New Zealand Journal of Ecology (1999) 23(2): 261- 266

Do colours that deter birds affect cereal bait acceptance by possums (Trichosurus vulpecula)?

Research Article
Tim D. Day  
Lindsay R. Matthews  
  1. Animal Behaviour and Welfare Research Centre, AgResearch Ruakura, Private Bag 3123, Hamilton, New Zealand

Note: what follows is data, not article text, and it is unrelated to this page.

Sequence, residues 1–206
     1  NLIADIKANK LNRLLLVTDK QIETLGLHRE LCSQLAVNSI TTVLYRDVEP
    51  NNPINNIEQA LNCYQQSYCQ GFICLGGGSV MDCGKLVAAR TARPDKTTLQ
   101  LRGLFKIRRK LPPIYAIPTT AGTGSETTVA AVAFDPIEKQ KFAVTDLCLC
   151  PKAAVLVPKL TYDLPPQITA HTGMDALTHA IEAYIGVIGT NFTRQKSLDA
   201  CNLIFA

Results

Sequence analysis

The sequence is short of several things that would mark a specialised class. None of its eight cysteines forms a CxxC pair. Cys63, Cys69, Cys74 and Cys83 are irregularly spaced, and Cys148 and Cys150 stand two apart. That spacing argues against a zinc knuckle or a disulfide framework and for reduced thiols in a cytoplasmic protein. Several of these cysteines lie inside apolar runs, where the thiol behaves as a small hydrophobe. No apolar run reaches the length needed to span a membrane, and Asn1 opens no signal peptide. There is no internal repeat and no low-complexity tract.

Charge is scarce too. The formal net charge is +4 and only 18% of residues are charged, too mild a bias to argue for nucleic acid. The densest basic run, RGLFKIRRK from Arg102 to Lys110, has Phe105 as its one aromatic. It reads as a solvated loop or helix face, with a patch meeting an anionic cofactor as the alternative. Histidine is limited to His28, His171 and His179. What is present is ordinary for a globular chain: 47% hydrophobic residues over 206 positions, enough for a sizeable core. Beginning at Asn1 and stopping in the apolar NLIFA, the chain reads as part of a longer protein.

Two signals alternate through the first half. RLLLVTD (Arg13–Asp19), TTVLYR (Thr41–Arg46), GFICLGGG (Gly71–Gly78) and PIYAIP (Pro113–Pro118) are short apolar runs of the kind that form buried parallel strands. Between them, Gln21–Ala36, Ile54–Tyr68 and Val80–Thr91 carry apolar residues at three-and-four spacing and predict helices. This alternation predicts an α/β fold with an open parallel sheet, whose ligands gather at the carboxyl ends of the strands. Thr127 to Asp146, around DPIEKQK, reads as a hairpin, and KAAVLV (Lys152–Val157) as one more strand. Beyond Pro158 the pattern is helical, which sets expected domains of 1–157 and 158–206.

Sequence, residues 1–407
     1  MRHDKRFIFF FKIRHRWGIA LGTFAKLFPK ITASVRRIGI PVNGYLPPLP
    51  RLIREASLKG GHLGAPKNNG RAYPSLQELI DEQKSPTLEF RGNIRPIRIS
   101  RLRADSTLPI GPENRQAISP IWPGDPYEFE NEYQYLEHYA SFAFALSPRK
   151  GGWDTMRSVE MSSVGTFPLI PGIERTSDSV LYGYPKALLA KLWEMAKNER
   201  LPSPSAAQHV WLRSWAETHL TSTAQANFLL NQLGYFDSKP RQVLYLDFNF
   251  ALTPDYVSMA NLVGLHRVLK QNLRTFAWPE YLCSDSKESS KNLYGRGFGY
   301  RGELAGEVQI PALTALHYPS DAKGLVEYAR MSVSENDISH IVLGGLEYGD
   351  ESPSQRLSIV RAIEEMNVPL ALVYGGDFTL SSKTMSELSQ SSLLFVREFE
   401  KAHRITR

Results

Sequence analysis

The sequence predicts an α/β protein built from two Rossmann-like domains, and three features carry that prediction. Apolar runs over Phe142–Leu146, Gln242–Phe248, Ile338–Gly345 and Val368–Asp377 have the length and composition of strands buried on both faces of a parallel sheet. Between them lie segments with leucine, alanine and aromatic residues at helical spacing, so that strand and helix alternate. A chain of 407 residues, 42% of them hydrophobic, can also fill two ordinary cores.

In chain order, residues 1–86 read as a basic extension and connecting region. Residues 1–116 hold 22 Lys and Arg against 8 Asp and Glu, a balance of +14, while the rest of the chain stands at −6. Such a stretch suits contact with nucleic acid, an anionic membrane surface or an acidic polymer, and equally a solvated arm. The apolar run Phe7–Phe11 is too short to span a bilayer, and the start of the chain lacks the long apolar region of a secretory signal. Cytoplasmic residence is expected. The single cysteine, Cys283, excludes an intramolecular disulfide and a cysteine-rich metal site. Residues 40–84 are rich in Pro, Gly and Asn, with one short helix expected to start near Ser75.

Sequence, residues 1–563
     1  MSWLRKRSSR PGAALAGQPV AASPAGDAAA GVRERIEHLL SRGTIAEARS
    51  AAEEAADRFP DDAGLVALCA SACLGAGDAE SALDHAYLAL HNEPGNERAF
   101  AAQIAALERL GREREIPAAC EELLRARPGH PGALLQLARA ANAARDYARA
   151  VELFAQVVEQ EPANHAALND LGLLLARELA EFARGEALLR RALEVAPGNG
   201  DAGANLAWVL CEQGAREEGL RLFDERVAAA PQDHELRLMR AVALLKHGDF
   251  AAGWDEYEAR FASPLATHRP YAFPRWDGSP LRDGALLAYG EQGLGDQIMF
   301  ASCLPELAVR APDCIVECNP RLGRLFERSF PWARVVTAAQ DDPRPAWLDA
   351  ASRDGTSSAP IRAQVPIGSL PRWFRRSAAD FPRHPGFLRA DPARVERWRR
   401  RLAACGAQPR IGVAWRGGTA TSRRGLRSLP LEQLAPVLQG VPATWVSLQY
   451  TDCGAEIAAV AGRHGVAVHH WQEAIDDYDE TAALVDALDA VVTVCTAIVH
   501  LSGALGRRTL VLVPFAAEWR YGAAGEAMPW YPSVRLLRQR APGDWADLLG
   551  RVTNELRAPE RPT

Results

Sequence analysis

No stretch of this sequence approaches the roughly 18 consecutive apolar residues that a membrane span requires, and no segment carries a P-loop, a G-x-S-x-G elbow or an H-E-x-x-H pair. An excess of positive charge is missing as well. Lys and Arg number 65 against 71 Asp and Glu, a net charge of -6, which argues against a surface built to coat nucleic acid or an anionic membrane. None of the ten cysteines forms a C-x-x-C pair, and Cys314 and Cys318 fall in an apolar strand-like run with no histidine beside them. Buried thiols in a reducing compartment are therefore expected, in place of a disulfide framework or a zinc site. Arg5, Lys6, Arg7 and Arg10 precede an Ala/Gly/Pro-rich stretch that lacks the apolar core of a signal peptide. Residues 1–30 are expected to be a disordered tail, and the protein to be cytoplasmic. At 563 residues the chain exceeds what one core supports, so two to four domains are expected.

Poisonous baits used for pest control in New Zealand commonly contain green dye and cinnamon oil to make them less attractive to birds. Research aimed at reducing the impact of poison based pest control on birds has shown that some birds are initially deterred from feeding on blue or, to a lesser extent, green coloured food and are attracted to yellow or red food. We determined whether colours that deter or attract birds affected the acceptance of non-toxic and toxic cereal baits by captive brushtail possums (Trichosurus vulpecula). Individual possums were offered, daily, a choice between a standard green dyed non-toxic cereal bait and either a blue dyed(17 possums) or yellow dyed non-toxic bait (16 possums) for 10 days. Following this, for the first group of 17 possums, 1080 toxin was added to either the green bait (9 possums) or blue bait (8 possums) and possums were offered the green versus blue choice again. Two additional groups that had not previously been fed cereal baits were also given a choice between blue and green baits, one of which was toxic. All possums offered non-toxic bait ate less on the first day of presentation than on subsequent days. There was no difference in acceptance of either blue or yellow coloured non-toxic bait compared to the standard green non- toxic bait on any days. Bait colour appeared to be unimportant in cereal bait choice and did not deter possums from eating any of the baits. The addition of toxin to baits did not significantly alter bait choice in any groups, although some individuals which had no previous experience with baits ate more toxic than non-toxic bait. These data suggest that adding a stronger bird deterring colour (i.e., blue) to poisonous baits is unlikely to adversely affect the acceptance of baits by possums.